1. Don’t buy if you can’t stay put.
If you can’t commit to remaining in one place for at least a few years, then owning is probably not for you, at least not yet. With the transaction costs of buying and selling a home, you may end up losing money if you sell any sooner – even in a rising market. When prices are falling, it’s an even worse proposition.
2. Start by shoring up your credit.
Since you most likely will need to get a mortgage to buy a house, you must make sure your credit history is as clean as possible. A few months before you start house hunting, get copies of your credit report. Make sure the facts are correct, and fix any problems you discover.
3. Aim for a home you can really afford.
The rule of thumb is that you can buy housing that runs about two-and-one-half times your annual salary. But you’ll do better to use one of many calculators available online to get a better handle on how your income, debts, and expenses affect what you can afford.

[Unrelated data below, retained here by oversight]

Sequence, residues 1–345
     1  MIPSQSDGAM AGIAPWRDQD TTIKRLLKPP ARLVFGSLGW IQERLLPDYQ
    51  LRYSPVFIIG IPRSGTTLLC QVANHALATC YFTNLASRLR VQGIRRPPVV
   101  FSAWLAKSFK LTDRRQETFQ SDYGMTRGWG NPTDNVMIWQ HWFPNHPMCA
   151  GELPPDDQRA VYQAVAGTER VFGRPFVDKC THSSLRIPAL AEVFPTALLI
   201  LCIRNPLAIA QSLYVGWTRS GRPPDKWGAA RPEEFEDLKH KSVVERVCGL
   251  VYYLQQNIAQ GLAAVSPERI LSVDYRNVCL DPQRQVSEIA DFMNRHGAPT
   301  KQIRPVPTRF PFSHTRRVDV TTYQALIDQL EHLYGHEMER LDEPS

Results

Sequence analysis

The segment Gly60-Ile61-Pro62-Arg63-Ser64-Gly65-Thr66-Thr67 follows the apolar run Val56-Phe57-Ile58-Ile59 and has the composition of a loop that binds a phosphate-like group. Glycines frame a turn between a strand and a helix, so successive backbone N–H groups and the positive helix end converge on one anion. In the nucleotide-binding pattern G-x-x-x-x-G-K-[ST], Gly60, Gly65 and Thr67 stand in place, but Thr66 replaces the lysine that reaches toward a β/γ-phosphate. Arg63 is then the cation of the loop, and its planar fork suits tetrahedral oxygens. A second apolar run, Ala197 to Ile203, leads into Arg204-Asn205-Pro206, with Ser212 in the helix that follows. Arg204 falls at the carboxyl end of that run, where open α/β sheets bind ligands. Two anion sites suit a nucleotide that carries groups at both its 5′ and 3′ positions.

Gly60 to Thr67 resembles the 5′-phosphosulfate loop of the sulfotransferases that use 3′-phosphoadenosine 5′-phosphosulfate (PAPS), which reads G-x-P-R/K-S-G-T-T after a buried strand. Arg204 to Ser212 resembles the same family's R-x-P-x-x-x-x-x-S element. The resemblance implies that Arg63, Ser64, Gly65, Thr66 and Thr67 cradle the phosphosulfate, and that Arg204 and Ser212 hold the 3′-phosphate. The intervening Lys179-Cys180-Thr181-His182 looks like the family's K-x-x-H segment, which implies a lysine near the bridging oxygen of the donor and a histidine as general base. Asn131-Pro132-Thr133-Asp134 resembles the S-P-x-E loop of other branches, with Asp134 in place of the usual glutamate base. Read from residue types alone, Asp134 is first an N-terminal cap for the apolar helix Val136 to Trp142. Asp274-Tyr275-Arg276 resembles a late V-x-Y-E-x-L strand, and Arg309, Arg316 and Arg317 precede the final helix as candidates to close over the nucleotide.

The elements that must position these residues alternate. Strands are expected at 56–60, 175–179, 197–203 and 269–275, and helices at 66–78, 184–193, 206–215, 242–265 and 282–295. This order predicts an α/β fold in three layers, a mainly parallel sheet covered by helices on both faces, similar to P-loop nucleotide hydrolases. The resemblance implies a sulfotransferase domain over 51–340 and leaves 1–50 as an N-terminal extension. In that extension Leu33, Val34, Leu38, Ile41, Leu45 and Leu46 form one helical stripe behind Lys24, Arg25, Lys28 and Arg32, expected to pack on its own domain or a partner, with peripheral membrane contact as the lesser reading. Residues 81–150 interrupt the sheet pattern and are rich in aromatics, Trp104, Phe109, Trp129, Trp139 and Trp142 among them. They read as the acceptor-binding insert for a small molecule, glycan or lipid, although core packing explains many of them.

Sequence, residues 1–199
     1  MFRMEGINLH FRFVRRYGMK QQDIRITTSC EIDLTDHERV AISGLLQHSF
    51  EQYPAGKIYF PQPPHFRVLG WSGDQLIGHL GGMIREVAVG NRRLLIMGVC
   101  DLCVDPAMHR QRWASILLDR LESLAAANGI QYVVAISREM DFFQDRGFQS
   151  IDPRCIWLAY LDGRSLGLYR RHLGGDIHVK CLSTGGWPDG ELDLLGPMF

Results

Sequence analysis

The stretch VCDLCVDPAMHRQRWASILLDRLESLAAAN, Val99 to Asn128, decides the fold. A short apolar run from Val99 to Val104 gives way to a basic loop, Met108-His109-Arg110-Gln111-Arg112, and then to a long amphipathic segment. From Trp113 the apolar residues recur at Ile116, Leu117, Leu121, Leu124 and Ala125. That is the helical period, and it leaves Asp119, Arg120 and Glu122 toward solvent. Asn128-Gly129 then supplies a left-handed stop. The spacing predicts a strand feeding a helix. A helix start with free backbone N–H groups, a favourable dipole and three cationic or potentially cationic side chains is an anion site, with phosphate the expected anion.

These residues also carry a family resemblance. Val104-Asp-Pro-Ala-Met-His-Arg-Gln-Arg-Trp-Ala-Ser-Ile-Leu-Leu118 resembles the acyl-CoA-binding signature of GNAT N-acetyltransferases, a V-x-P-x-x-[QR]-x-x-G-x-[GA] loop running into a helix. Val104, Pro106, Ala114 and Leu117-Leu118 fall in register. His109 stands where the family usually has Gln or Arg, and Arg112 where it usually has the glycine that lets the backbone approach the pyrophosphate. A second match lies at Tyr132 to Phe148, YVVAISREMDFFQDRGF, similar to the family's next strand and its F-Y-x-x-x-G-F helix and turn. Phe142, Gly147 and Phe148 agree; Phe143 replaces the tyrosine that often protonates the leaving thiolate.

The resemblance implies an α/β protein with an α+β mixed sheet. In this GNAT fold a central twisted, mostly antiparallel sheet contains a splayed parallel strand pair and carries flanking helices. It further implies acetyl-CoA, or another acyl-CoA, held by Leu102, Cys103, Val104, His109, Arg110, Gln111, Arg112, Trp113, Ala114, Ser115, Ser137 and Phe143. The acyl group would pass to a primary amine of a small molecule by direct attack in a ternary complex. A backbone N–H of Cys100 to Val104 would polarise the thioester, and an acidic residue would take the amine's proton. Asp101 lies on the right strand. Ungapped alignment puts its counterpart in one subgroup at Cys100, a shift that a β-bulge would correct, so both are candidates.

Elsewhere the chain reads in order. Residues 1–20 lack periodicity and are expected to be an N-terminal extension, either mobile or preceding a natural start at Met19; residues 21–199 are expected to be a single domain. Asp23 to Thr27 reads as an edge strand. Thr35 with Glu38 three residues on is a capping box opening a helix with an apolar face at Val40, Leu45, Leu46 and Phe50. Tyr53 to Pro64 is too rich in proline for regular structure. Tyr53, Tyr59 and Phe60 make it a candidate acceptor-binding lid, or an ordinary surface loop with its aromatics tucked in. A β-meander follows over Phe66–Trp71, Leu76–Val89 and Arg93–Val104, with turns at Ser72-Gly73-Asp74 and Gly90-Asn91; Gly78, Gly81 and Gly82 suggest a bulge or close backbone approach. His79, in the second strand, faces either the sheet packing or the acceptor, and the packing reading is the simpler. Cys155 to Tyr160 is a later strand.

4. If you can’t put down the usual 20 percent, you may still qualify for a loan.
There are a variety of public and private lenders who, if you qualify, offer low-interest mortgages that require a small down payment.
5. Buy in a district with good schools.
In most areas, this advice applies even if you don’t have school-age children. Reason: When it comes time to sell, you’ll learn that strong school districts are a top priority for many home buyers, thus helping to boost property values. More here.